Life of the association

CIGRE and IEEE Joint Panels on Blockchain

Blockchain technology is an elegant protocol enabling people to verify information and transact directly with one another in a trust-less environment. Three important and fundamental characteristics of blockchain are security, transparency, and immutability. These aspects are what make blockchain technology unique and a potential solution for energy and power applications.

Blockchain Technology

Blockchain is a decentralised ledger technology (DLT), where copies of the blockchain are kept among multiple participants in the network. Using a decentralised ledger increases transparency of records/data as there is greater visibility into transactions added to the blockchain. Transactions recorded on the blockchain are immutable because they cannot be deleted or changed, and an audit trail is created. Because there is not one copy of the ledger, the ledger and transactions being added to the blockchain have to be verified by network participants, and there is an auditable trail of transactions or records and the need for a central authority is reduced.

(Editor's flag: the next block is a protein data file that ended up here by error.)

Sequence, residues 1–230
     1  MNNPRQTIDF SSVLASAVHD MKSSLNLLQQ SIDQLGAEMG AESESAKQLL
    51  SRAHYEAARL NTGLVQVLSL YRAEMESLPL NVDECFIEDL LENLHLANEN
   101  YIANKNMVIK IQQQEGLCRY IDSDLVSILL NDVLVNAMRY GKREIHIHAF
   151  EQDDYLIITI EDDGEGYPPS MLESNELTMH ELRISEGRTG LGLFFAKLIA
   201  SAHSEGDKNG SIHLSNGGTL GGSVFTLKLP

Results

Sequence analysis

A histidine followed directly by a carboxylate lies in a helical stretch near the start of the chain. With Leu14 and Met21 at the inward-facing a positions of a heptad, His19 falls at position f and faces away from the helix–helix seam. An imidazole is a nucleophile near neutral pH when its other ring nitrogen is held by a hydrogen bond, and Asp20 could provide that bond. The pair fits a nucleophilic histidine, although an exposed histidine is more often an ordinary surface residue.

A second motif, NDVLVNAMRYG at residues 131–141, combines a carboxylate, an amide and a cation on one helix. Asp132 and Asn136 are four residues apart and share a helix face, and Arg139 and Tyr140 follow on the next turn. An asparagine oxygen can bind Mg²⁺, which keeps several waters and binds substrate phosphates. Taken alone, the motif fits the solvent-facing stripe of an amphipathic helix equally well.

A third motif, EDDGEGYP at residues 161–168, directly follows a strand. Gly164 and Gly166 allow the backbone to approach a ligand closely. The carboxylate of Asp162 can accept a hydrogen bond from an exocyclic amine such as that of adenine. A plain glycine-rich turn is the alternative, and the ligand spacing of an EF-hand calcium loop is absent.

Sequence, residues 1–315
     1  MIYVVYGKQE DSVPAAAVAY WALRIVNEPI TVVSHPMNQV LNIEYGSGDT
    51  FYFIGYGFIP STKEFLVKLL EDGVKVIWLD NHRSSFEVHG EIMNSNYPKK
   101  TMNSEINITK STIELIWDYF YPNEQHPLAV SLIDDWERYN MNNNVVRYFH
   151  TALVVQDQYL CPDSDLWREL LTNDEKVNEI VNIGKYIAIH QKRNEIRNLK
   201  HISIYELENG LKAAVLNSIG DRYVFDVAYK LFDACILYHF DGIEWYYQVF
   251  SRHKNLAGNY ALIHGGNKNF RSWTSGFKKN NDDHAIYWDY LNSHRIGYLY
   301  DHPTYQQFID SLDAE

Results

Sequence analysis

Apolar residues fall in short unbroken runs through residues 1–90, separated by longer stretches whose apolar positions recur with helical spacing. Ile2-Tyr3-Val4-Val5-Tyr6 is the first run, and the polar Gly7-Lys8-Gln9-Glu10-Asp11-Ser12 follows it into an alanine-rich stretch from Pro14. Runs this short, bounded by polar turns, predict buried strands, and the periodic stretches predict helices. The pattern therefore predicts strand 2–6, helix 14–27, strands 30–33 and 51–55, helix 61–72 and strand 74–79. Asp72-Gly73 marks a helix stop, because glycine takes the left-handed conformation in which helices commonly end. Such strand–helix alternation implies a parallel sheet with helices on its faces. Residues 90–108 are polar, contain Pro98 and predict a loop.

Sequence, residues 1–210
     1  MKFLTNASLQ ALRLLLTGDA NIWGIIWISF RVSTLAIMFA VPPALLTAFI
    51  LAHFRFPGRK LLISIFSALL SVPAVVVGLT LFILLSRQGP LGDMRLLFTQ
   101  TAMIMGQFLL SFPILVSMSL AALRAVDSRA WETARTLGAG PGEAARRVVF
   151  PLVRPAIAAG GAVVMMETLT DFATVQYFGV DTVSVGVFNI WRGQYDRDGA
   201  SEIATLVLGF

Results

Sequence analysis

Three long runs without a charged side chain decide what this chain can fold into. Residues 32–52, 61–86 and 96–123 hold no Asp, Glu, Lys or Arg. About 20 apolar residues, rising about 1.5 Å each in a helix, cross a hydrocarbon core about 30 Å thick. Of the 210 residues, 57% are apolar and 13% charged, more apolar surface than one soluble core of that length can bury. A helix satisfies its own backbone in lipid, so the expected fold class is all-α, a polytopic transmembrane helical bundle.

The absence of a third-party can result in cost, operational and market efficiencies. It could be applied to almost any market, in theory. In the energy sector, dozens of companies are attempting to use blockchain for asset registry, peer-to-peer trading, grid-level transactions, energy financing, electric vehicle charging and renewables tracking.

Before applying any new technology such as blockchain, it is important to reflect on whether it is solving a problem or helping to reduce the overall cost of a process or product. Technology is a tool that should complement systems, not constrain them.

CIGRE Working Groups